Kutless "Words of Fire"
Have you ever held two dumbbells in your hand and let gravity be your weight? That’s the method behind isometric training. You’re carrying a weight or getting into a position without moving a muscle. Gravity is your resistance. This is where Kutless’s recent single, “Words of Fire,” comes into play. The song gives you fuel to push through your 15-second rep. Feel the burn, baby. Feel the burn.
Disciple “The Executioner”
Like Skillet and Kutless, Disciple has ministered to Christian fans with their brand of hard rock for years. Lead singer Kevin Young said in a press release, “The song comes to grips with your flaws, failures, shame, sin.” It's something to ponder while you push that last rep on your biceps curl. Just a note to you: don’t forget to breathe between reps.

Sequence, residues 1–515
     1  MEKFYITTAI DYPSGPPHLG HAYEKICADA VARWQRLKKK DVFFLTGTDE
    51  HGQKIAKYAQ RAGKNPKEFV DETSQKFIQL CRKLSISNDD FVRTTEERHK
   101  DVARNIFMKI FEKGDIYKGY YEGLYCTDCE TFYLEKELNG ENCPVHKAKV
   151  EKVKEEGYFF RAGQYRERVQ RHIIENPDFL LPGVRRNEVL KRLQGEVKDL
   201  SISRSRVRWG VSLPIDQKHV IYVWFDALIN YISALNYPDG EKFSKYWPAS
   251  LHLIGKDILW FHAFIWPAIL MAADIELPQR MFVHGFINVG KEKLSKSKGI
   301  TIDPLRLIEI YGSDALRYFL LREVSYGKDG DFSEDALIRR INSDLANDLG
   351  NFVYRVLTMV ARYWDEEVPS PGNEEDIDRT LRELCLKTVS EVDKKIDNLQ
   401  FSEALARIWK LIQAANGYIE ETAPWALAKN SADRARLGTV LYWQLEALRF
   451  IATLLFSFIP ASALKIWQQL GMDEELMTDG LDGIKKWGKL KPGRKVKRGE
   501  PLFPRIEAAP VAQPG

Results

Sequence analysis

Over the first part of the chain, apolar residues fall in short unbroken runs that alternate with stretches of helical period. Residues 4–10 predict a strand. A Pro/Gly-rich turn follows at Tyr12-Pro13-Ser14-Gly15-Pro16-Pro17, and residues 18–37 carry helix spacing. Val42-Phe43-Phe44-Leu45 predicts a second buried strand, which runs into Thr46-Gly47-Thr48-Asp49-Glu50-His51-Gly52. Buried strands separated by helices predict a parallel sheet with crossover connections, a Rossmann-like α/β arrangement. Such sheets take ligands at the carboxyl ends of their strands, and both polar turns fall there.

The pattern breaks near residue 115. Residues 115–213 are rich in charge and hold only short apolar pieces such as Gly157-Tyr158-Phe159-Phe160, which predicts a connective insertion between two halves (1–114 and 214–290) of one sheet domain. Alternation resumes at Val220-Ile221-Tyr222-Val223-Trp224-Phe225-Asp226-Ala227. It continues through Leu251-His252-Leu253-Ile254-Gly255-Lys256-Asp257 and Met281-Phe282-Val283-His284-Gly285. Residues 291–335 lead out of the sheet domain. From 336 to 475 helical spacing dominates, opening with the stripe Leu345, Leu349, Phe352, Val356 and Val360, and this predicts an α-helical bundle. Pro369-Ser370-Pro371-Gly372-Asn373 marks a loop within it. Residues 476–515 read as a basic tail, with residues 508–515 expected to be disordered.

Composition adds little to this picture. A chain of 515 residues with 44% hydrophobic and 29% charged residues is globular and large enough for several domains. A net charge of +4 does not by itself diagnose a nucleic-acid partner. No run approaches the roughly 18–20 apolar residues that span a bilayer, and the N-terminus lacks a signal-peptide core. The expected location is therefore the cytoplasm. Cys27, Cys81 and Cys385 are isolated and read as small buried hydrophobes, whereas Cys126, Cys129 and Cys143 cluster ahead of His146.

Hip-hop artist NF centers most of his music on inner conflicts, such as anxiety and depression. While he reflects on the negative aspects in much of his music, the artist changes his tune in “Hope” and speaks to himself, serving as a voice of reason without abandoning his past qualities. The song’s beat is something that’ll keep you motivated throughout your entire workout. Try this song with interval training—high-intensity exercises with short rest periods in between. It goes well with our next song, “Higher Power” by Scott Stapp, lead singer of the recently reformed famous rock band Creed.
Scott Stapp "Higher Power"